DrSclafani answers some questions

A forum to discuss Chronic Cerebrospinal Venous Insufficiency and its relationship to Multiple Sclerosis.

Re: Dr Sclafani answers some questions

Postby Cece » Mon May 03, 2010 8:55 pm

drsclafani wrote:I cannot rest knowing you need help

you do seem exceedingly motivated :)

I feel sick when I think of the clock ticking...who knows how long it'll be until this is proven and standard care, assuming it is true and will become standard care.
Last edited by Cece on Tue May 04, 2010 9:39 am, edited 1 time in total.
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Re: Patient post-procedure changes

Postby drsclafani » Mon May 03, 2010 9:10 pm



CT scans, cool! I've heard that it is difficult to see azygos until venogram. Did you try CT scans because of that?


i am not using CT scans of patients with MS. I am looking at CT scans of the chest to figure out what the path of the azygous vein is, what the diameter of the AZY V is

that will help me recommend the angle to turn the angiography tube to best see the AZYV
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Posture Therapy or Surgery?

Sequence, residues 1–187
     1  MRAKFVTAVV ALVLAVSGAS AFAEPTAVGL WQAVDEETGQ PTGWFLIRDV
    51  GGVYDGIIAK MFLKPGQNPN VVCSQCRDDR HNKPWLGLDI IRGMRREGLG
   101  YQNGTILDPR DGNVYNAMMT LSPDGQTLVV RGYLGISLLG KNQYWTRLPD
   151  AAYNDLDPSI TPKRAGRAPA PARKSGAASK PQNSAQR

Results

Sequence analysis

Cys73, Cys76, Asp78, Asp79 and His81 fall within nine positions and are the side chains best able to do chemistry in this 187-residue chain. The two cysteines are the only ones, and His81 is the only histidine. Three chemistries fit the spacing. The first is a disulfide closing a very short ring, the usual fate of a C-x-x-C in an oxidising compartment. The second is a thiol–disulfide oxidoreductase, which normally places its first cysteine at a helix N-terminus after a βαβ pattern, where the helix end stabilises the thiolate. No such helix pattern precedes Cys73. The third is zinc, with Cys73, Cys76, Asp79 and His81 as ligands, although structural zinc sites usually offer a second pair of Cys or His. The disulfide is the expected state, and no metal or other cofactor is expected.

Postby AndrewKFletcher » Tue May 04, 2010 2:17 am

Dr Sclafani

how can i explain these abrupt changes.? we can all guess cant we. perhaps myelin transmission needs certain amount of blood flow, oxygen pressure reduction, cleansing for improved function. Your guess is as good as mine at this point. Like i keep saying we are just beginning an age of discovery. so much to learn, it will take the rest of my useful career, and i am thankful for that.
clearly such improvements in the moment, sometimes even before the procedure is completed will lead to doubts, especially by those who don't want to have been this wrong.



My money is on the improved tension and reduction in pressure in the venous return stimulating the cerebrospinal fluid flow. I.B.T addresses this using posture alone to change the pressure and increase the tension on the blood inside the veins, the evidence being the dramatic improvements in chronic venous insufficiency, oedema and varicose veins. Before and after Photographs available for evidence.

IBT has been shown right here in this forum to stimulate significant recovery in RR, PP and SP ms. Yet it is continually ignored? These results are very real and need to
To be taken into account.

IBT should be the very first intervention for all people with ms. And it is not just about how blood circulates, it addresses all circulation including blood flow, the cerebrospinal fluid circulation, lymph circulation and the circulation in the skin.